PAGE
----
Why can’t I find a montessori school that has a lot of playground time during the day? In the alternative, will spending the summer at the preschool with a lot of playground time but no counting chains (or any counting really) stunt my addition obsessed child’s development?
Perhaps it’s what the parents demand in your area– they want their preschool time to be academic… that’s pretty common with preschools with part-time options. The playing part is extra on top of the academic, before or after regular preschool hours. Our Montessori was only full-time, so had playground and nap-time built in, but the other two in town are more geared towards SAHM and part-time moms who want the academic prep before K, so the playtime is before part-time dropoff and after part-time pick-up. Presumably those moms don’t want to pay for something they provide themselves.
In terms of academics, unless your child is coming from a deprived background, which seems unlikely, no, not only will a non-academic preschool not stunt your child’s development, but no preschool work at all would not stunt development. There’s still a lot of stuff to be learned across many spectrums ages 0-5 even without standard academics. And your child may pick up academics (colors, numbers, letters, etc.) without any formal learning just from being around.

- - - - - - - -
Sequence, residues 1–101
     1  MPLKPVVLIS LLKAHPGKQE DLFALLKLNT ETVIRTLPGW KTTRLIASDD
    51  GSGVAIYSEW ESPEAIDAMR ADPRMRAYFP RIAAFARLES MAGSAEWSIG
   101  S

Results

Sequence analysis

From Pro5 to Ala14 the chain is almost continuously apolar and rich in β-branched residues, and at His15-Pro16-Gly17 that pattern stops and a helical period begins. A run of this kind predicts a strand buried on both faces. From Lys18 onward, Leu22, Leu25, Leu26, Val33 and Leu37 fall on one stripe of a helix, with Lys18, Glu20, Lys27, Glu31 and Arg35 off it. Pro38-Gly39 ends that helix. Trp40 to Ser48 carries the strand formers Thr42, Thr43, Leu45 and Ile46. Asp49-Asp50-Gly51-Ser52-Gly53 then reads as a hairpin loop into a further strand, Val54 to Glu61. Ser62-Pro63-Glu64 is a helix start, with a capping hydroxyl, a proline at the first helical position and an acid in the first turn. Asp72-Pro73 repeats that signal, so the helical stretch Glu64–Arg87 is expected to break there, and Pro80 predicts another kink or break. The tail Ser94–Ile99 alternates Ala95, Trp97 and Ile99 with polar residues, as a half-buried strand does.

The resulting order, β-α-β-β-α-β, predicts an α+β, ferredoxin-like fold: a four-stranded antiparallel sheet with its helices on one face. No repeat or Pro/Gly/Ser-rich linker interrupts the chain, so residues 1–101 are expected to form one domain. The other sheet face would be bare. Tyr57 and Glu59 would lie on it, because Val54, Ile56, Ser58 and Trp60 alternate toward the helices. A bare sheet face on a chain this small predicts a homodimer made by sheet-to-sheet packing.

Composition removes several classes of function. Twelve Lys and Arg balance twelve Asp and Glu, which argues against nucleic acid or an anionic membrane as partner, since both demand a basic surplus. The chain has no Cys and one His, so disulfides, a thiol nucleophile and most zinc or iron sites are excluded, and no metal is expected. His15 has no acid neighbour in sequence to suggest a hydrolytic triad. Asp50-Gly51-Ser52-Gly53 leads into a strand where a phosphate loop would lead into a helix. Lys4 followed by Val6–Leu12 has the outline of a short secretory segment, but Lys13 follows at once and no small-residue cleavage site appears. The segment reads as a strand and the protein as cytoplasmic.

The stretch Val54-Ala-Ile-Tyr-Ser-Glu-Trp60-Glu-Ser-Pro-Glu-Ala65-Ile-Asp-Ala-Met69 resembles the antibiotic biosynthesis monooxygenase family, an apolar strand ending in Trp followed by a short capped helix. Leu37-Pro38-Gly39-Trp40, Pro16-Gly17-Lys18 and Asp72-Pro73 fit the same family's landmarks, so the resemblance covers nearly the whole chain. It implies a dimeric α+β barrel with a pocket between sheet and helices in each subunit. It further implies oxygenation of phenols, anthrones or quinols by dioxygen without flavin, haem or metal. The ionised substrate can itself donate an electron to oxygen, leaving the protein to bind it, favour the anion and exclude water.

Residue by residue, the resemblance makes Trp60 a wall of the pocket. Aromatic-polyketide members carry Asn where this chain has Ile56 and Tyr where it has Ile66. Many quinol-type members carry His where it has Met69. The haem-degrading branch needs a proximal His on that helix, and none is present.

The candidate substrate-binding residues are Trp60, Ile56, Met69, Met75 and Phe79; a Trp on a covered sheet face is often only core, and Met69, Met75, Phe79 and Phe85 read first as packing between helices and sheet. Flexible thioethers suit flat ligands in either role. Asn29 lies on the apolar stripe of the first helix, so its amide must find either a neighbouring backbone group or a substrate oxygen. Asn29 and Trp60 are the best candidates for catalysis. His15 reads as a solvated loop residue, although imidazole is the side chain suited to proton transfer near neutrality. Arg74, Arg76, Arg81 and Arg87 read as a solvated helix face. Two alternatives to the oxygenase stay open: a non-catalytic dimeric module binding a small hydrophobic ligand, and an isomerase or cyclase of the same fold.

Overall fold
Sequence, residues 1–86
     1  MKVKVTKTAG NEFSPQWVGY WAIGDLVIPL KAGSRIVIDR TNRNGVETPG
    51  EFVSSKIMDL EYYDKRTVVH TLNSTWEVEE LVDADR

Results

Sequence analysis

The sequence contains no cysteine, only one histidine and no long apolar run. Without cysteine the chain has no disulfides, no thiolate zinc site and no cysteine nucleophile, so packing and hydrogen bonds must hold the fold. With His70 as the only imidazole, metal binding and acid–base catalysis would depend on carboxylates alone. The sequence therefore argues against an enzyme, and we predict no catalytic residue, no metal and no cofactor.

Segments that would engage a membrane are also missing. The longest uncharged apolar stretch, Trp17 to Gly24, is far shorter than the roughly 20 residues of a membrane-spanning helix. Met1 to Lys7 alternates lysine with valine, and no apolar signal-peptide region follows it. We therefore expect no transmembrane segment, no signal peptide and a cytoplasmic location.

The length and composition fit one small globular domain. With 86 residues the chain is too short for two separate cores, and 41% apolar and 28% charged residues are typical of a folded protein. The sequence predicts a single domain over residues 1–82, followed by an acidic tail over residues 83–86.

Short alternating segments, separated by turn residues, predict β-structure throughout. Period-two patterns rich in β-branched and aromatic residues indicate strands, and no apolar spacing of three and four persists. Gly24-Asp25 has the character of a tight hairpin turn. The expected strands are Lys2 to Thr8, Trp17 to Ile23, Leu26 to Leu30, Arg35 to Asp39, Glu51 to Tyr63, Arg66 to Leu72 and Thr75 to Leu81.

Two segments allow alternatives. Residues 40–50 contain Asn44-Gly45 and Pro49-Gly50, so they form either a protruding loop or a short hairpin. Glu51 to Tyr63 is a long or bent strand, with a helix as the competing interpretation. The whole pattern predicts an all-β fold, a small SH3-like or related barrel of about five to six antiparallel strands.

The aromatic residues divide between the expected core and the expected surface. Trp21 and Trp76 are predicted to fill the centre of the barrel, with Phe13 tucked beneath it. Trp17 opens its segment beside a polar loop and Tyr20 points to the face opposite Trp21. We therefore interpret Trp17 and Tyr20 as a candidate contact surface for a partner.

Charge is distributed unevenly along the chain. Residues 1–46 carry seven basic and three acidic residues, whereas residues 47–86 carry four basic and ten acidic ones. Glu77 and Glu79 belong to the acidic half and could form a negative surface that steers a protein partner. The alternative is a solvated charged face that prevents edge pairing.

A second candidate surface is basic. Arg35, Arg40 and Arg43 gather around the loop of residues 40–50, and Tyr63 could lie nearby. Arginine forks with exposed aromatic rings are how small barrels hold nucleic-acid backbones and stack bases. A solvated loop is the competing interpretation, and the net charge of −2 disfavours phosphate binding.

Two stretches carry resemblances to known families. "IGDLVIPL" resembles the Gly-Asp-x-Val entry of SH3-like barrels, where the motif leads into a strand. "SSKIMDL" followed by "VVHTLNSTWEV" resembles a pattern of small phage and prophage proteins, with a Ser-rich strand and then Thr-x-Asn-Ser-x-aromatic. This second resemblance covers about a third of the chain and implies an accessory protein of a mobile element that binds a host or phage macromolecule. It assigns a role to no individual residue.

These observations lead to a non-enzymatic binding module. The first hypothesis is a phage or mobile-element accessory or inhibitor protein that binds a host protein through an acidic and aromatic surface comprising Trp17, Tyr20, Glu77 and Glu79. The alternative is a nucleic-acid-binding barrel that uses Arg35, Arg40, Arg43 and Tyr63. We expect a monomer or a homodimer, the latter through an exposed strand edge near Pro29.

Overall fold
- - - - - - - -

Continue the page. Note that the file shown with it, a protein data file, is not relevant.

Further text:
However, your child may be happier (and in our case, better behaved) with some academics. A lot of mommy forums have people who say that teaching academics (before, say, age 7) is horrible and will destroy your Rousseau dream-child. That’s not true either. Academics won’t do any harm and they’re FUN for almost all kids until around 5th grade, give or take. (And some no-pressure exposure before they’re needed may help with stress later on for many kids.) By all means, indulge that love of numbers– love of math is worth encouraging! It may be a matter of if you’d rather do the academics at home or go to the playground at home, if there aren’t schools that offer both.
Btw, what can you do with preschool math? We loved playing with manipulables. The ones we had initially were stackable generic game pieces that DH picked up at a craft store when one of his hobbies was creating board games. Later we replaced them with pixel blocks. These are great because you can just explore putting groups of numbers together, to get a real feel for how counting and addition are related. You can do either guided exploration or just let DC play. (3 red pieces + 2 blue pieces = 5 pieces.) Fingers are great when you’re out and about, but prepare for nasty looks from other folks who think you’re pushing or showing off (not realizing they’d be giving nasty looks of a different kind if you weren’t keeping your child occupied).
Grumpy Nation, any explanations or suggestions for Mom2boy?